While the team topped the testing at Silverstone last week, this was on the shorter circuit and in cold and sometimes wet weather conditions. These poor conditions lead to a bizarre near-miss for the team, when, coming into the pits in the wet for a pitstop practice, Frentzen aquaplaned and slewed to halt sideways in front of the pit crew. No one was hit but it was certainly a near miss.

During testing, the patchwork Orange paintwork has been revised, now closer to the first race the team have painted the "twin keels" mounting the front suspension orange, making their shape easier to identify over the previous black paint.

Having said all that, Arrows's startling lap times in winter testing may not be a true measure of their pace, so it's hard to predict how the weekend will turn out for the team. A midfield qualifying slot is probably their realistic target.


Minardi had an unusually long design time for 2002, afforded by the early confirmation of the Asiatech engine deal. The team was testing the new car early this year and many miles were logged before the cars were flown out to Melbourne with one of Paul Stoddart's European aviation Jumbo Jets. En Route to Australia, the team stopped off in Kuala Lumpur to launch the new car in front of the sponsors and national media, and even with this completed the team was still the first to arrive in Australia to set up.

The new Asiatech engine has performed reliably in testing (and the French built V10 does in fact feature a 72 degree V angle, rather than the 90 degree angle we stated in the 2002 technical preview last week). The team have not only used the innovative cast titanium components on the car, but now also pioneer a new power-assisted steering system co-operation with German technical partner, Spillner Engineering. The Closed Centre Valve (CCV) system - so-called because the valve that controls the hydraulic working pressure of the unit (up to 150 bar) remains closed when not in operation - requires less power consumption, freeing up engine power not required to drive the hydraulic pumps.

All these factors demonstrate the change that has occurred to Minardi over the past year, and their performance is expected to be improved in line with the changes. The team is better prepared than ever to perform well from the first GP, however this is in relative terms. Either way, the team will no doubt qualify well within the 107% rule and may be closer to the midfield than previously.


While the team's official line on their performance in 2002 is still overly conservative, the confidence within the team sometime overspills to reinforce the fact they are not here simply to run at the back of the grid for a year. Driver Allan McNish sums up hopes for the 2002 season by saying: "As much as it's a learning year and as much as it's a year of development for the team, we do want to achieve as much success as we can, and we will be fighting as a whole team as much as we can. It won't sit very nicely if we are sitting on the last row of the grid."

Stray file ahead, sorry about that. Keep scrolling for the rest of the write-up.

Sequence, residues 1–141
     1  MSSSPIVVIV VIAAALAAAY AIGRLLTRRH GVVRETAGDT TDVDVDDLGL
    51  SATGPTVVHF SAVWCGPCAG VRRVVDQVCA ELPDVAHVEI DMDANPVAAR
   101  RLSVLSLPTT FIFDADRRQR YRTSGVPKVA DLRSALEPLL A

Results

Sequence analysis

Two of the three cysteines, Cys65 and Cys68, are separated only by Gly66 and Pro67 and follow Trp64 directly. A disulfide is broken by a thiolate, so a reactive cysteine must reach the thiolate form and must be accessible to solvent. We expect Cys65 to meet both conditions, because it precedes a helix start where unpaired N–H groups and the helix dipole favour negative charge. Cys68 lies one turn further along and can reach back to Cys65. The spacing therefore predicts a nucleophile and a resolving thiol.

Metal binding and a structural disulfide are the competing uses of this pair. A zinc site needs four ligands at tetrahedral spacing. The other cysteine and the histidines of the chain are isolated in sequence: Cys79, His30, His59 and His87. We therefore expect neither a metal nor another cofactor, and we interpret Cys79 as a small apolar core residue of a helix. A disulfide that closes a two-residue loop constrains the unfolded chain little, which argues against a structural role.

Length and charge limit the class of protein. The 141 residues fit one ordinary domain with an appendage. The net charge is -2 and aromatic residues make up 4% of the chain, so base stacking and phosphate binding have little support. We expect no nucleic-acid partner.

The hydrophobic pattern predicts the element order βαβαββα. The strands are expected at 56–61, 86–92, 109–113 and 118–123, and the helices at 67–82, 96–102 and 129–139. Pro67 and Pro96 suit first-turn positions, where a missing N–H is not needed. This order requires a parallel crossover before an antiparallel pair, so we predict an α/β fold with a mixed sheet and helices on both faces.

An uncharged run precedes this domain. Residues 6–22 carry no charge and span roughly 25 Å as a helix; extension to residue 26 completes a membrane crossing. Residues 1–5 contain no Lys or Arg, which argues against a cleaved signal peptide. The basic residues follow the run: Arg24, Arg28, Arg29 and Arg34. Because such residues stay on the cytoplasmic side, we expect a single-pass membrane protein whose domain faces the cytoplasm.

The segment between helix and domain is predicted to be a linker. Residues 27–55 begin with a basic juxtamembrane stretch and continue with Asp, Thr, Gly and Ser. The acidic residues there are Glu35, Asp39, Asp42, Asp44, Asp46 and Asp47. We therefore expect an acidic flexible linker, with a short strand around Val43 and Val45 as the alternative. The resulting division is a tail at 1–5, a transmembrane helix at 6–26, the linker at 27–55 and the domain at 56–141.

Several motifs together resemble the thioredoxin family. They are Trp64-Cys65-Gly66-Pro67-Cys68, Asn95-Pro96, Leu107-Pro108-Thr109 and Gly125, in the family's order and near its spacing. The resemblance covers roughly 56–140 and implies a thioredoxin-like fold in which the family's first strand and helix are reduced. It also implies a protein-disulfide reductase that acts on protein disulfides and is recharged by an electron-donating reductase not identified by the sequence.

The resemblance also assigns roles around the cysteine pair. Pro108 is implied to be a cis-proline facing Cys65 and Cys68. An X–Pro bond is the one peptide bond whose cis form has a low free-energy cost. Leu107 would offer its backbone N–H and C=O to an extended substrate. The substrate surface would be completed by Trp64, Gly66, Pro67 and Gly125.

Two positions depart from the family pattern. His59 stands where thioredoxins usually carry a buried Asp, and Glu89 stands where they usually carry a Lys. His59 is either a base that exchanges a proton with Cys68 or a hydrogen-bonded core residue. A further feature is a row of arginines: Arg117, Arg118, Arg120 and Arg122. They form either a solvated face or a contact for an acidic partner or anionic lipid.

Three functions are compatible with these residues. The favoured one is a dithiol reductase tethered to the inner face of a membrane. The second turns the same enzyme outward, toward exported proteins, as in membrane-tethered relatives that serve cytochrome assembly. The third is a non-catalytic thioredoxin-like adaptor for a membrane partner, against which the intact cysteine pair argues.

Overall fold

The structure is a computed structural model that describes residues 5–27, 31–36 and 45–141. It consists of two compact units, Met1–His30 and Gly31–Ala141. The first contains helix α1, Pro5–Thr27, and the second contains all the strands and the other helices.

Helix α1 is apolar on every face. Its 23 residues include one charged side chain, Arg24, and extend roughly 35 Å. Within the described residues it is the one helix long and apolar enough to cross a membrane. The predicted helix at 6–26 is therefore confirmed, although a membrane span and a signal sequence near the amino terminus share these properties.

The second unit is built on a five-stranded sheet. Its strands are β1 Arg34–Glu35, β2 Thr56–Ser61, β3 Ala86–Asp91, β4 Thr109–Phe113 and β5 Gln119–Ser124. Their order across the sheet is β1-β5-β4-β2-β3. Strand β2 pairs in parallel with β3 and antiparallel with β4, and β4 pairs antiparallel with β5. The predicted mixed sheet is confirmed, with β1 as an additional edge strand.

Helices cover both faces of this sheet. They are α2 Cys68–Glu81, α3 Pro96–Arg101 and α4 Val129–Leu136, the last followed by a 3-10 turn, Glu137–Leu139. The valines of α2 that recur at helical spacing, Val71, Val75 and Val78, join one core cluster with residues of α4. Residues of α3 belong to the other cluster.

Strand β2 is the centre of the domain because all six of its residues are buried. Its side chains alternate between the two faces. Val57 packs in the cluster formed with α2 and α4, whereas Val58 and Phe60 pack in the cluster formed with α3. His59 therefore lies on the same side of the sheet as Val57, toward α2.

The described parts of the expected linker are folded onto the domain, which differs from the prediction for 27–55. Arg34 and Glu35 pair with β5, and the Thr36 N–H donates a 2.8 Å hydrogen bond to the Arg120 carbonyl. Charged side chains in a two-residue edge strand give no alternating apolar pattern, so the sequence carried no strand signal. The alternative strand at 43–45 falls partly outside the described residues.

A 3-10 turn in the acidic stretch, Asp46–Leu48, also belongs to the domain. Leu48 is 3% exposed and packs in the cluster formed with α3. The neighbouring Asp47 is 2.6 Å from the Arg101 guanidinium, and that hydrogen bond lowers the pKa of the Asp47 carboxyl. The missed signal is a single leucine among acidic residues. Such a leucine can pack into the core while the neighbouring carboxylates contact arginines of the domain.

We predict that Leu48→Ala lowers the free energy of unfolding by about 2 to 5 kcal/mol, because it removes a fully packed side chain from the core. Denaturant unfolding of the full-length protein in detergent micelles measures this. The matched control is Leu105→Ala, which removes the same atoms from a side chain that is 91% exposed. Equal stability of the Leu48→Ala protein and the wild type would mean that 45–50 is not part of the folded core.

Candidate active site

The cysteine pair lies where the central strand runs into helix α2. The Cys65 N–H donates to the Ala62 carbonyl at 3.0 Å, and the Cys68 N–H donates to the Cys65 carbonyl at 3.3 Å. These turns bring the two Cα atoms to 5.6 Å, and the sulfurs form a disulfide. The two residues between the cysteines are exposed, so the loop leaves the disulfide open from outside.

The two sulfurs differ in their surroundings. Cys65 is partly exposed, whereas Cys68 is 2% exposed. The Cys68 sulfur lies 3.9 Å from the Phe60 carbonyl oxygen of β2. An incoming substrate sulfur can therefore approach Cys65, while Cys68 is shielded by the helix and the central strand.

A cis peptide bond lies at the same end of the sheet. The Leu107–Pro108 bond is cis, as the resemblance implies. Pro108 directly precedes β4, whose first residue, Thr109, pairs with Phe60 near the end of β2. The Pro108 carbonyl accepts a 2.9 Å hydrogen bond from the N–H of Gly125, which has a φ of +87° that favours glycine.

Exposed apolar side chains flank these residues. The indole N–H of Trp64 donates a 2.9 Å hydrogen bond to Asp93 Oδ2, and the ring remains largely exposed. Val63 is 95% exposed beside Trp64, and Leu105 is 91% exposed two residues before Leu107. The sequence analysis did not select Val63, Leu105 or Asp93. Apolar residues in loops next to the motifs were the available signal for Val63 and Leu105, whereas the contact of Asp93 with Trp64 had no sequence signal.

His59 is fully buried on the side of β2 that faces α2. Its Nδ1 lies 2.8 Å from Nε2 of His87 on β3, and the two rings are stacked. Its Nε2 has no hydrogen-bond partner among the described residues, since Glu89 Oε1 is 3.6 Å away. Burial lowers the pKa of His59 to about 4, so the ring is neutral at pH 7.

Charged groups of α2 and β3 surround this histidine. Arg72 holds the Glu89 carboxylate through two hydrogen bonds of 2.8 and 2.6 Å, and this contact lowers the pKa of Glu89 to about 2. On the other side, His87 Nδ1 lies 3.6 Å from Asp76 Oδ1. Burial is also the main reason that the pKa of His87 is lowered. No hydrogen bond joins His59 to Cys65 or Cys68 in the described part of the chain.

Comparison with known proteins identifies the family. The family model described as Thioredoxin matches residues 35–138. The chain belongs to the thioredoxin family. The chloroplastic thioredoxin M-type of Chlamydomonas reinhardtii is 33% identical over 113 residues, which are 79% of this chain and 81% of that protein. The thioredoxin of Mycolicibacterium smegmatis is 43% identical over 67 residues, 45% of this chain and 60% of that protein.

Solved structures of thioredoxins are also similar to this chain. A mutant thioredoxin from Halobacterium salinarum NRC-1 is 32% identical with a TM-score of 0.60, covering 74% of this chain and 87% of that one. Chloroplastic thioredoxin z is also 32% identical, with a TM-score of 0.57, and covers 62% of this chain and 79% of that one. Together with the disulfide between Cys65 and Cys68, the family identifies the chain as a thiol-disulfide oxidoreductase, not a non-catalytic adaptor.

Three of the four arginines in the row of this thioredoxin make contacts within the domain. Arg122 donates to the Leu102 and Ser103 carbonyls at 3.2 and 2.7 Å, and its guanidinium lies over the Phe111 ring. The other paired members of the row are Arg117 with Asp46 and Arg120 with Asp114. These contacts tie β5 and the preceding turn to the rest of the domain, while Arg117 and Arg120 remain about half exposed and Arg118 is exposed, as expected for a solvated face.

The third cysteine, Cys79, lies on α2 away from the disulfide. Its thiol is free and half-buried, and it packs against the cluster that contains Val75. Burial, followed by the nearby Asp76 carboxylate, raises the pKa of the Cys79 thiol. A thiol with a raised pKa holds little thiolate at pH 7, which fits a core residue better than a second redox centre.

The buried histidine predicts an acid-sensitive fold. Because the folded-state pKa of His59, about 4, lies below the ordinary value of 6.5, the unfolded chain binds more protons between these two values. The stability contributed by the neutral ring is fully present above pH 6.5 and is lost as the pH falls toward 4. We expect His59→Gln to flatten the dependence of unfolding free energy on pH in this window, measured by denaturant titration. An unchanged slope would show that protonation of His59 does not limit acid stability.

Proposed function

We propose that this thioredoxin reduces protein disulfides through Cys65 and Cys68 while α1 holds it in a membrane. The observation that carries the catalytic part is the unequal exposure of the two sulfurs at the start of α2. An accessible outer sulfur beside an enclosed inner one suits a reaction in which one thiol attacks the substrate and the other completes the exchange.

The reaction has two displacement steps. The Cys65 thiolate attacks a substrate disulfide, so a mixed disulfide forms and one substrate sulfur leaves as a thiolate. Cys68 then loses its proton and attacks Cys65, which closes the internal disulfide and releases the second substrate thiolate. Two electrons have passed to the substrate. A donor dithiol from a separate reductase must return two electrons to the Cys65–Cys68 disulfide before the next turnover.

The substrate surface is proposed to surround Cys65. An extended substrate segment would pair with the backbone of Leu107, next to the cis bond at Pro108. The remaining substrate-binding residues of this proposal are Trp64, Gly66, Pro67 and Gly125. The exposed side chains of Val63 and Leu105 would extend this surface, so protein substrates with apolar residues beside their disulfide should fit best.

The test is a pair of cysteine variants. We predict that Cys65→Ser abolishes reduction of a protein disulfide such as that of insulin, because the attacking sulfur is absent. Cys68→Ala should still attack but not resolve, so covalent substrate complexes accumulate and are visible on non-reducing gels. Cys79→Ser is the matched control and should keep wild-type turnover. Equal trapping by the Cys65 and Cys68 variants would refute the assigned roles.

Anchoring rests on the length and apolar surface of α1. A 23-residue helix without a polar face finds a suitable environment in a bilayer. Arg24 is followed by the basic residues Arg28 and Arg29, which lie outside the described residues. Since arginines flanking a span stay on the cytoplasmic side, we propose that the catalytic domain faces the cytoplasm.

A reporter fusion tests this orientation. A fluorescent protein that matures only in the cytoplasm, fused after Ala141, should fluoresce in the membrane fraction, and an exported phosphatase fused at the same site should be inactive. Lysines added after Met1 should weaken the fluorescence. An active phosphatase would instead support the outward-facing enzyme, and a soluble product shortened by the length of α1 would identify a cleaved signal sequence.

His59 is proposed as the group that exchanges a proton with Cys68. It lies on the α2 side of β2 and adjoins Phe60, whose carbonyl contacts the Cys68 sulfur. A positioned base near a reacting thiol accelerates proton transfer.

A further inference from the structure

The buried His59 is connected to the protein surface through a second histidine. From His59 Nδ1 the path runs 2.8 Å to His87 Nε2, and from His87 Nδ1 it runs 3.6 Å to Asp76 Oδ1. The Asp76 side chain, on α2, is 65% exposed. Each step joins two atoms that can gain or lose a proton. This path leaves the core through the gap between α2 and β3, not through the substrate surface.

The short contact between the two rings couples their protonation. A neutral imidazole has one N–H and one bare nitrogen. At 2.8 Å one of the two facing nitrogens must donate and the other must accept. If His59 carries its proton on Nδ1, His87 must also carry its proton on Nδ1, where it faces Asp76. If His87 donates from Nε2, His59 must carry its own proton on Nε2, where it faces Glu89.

Testing in 2001 was not indicative of the team's performance - the test car was not designed to run qualifying laps but to run for a week with no problems in order to test new components. Furthermore, the new car is a major departure form the old version, and as McNish puts it: "This one's a little bit more on the edge of the regulations and the edge of performance, generally the feel about it is a lot more responsive from the chassis, the engine has developed a heck of a lot through the year and there's more to come from now until the end of the season."

While the car and drivers are proven and tested, the entire team have yet to attend a full Grand Prix, the first time the team runs on a busy circuit environment during a race weekend will test their internal communication and team work. Technical director Gustav Brunner was aware of this when he joined, and he made changes to the test programme, running two cars in a regulation size single garage. Moreover, some testing in 2001 was scheduled to run as a GP weekend, trial pitstops were carried out, and Brunner even left the engineers to make "set up" mistakes he had picked up on, but allowed them to detect the problem and work as a team to rectify it.

The team will have a difficult weekend no doubt, as every problem will be a new one. But this learning experience will build the team and prepare it for the year ahead.